• And if there were, the “subgroup” would be the actual diagnostic category, and they’d admit there was nothing wrong with the rest of the group. Also, the “subgroup” would have to have something more in common than “reacting positively” to a drug. Lots of people “respond positively” to alcohol when anxious, but we don’t categorize them as “mentally ill.” They just like how it feels when they drink alcohol.

  2. “We now call the destruction of old ideas, politely, a “paradigm shift.” “Catastrophe theory” would be more appropriate. The vitality of a culture depends less on its hopes and its history than on its capacity to entertain willingly the divine and daimonic force of ideas.”

    James Hillman – the only one defender of the psyche, and the only one phenomenologist. If you won’t understand what psyche is, you won’t defend anyone. The phenomenology is needed, and false empiricism must die. Psychological awarness means a new system. Without acceptance of mythical reality we can not defend psyche.

    “Re – visioning psychology”.

  3. So-called precision psychiatry, and there is nothing precision about it, is not a paradigm shift.

    I don’t see it as a “blind alley” though, not unless it is “consumer/users” and the general public that are being blinded. If they test people’s responses to drugs, you’ve got a method of making more people compliant, and thus, duping and doping more people. The problem, obviously, is that this also means more drug induced injury, ‘disability’, and death.

    If you’re looking for the precision part of it, maybe it is really precision social control that they are after. Polish our deceptions, and we’ve got more people following us like lemmings.

    1. It’s not a paradigm change.
    2. If the problem is not “bad genes”. Assuming that the problem were “bad genes” is a false basis to work under (i.e. an error).
    3. Even if “mental disorder” were, as I heard somebody say once, 70 % genetic, that would leave 30 % to social, psychological, or other causes, and I imagine there is no basis for the 70 % figure anyway except that it would make the “disorder” more biological than not. In other words, the figure is entirely arbitrary, and only given because it supports the theory.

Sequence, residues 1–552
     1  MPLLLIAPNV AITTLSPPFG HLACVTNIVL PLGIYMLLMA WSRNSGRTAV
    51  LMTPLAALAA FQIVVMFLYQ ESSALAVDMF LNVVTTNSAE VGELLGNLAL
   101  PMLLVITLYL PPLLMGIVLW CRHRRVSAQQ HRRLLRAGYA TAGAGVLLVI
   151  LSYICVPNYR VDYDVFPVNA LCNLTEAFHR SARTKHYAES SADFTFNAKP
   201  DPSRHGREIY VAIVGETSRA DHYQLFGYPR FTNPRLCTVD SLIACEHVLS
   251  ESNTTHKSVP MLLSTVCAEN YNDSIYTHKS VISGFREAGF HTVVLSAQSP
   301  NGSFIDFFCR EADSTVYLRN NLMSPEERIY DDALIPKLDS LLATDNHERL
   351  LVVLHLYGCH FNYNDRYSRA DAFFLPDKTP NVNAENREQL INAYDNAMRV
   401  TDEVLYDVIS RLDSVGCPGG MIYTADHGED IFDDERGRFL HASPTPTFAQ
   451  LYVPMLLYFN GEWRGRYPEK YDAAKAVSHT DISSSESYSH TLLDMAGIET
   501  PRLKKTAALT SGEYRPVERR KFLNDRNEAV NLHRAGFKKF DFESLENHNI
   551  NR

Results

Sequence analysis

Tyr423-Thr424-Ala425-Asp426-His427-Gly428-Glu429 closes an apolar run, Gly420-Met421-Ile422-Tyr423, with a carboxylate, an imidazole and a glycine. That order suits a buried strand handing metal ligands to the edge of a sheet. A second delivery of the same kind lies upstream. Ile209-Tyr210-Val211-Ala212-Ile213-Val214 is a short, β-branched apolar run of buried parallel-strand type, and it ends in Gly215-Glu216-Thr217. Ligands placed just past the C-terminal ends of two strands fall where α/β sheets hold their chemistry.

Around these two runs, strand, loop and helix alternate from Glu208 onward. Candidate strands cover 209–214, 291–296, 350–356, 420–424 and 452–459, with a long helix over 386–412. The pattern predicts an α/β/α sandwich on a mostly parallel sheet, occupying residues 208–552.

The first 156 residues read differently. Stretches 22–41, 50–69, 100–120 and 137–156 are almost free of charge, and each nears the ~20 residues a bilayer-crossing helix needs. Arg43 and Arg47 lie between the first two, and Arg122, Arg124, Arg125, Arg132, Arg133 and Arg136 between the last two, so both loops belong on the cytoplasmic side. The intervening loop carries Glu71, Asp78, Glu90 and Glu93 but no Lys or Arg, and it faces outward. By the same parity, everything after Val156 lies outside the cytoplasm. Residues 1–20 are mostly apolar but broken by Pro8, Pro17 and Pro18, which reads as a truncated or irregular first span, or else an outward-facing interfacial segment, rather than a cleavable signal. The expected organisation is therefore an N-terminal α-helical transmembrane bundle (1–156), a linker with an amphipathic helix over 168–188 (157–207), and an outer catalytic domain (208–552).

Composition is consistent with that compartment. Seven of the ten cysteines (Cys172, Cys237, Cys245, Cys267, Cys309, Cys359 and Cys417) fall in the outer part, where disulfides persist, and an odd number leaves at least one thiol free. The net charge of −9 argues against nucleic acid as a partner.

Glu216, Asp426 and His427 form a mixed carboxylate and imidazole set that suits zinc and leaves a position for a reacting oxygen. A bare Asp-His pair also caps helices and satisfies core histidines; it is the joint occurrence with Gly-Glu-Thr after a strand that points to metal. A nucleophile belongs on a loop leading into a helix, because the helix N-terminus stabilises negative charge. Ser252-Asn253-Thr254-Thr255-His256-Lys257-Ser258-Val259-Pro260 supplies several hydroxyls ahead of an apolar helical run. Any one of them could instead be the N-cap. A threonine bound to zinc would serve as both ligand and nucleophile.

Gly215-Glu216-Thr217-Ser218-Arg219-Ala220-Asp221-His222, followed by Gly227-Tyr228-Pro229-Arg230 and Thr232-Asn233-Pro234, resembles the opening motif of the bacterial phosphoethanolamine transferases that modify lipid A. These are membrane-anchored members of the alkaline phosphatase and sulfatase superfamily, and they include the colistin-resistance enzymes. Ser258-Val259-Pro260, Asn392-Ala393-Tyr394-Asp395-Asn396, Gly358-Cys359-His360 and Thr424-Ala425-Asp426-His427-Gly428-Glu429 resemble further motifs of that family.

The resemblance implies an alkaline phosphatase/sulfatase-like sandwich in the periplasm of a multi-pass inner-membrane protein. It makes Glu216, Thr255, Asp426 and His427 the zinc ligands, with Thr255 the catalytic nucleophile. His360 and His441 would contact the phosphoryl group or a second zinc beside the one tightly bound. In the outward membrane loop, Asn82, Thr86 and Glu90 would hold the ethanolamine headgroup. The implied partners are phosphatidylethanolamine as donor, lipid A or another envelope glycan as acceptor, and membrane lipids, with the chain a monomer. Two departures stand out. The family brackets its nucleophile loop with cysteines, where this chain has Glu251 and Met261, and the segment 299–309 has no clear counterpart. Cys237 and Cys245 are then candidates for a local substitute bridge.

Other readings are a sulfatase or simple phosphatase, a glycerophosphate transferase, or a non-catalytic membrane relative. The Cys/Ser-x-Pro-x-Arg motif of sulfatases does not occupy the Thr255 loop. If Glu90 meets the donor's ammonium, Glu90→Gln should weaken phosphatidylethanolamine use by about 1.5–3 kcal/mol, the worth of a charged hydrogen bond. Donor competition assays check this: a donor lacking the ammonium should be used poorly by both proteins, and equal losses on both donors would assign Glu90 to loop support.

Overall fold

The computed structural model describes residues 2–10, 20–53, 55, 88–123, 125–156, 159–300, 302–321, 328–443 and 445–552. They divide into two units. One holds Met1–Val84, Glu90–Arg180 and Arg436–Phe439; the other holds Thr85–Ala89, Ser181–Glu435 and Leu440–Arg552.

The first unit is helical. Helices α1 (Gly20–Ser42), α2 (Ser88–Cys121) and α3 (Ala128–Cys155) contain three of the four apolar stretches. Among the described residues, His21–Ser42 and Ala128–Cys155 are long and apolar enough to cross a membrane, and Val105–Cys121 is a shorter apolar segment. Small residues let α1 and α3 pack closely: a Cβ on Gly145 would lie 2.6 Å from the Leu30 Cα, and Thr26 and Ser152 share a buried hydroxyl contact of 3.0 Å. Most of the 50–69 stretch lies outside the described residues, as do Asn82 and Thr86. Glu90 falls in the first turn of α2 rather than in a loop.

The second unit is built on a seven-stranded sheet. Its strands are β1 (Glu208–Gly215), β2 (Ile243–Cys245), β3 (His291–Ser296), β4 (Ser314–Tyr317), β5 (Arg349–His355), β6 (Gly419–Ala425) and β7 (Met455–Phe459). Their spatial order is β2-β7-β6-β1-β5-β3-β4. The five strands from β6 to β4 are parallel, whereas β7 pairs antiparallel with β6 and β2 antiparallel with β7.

4. The research on genes, as you’ve shown above, doesn’t support the theory. If genes have little to do with the development of “mental disorder” then they have much less to do with the development of “mental disorder” than many people presently presume.

  4. “Precision psychiatry” is a term I’d never heard but immediately intuited must be the psychiatric version of a “smart bomb” — which apparently is what it is meant to be.

    “Neurobiological psychiatry,” huh? A new sub-specialty of psychiatric fraud.

  5. How this short article manages to -get it- and -forget it- is a large part of the reason we are stuck in the endless recycling of the same “mental illness’ myths.

    Saying that… thyroid disease or metabolic illness… can lead to mental health problems… is absolute bunk.

    Thyroid and 100+ other bona fide diseases (provable underlying, root cause conditions) are called ‘medical mimics” or as Kelly Brogan recently referred to them as “psychiatric pretenders”, because the normal sequalea or SYMPTOMS of which, are often MISDIAGNOSED as if they were a bogus “MI”.
    This is evidenced by the fact that once a person is properly treated for their thyroid, their symptoms resolve, just like they do when a person has a vitamin deficiency and those deficiencies are addressed with vitamins.

    This misinformation is a perfect example of why we have a false epidemic of “MI”.

    The standard of practice is to prepare a list of
    “differential diagnosis’s”, test for those REAL conditions (such as thyroid which is prevalent) and rule them in or out BEFORE labeling someone with a specious brain disease.

    This misguided statement will not and cannot help anyone and it is harmful. There is no such thing as “MI” and this professional misstatement sets up the millions of people with Thyroid and other autoimmune and rare diseases, to be psychiatrized and harmed by more medical malpractice. These are real people. Stop it.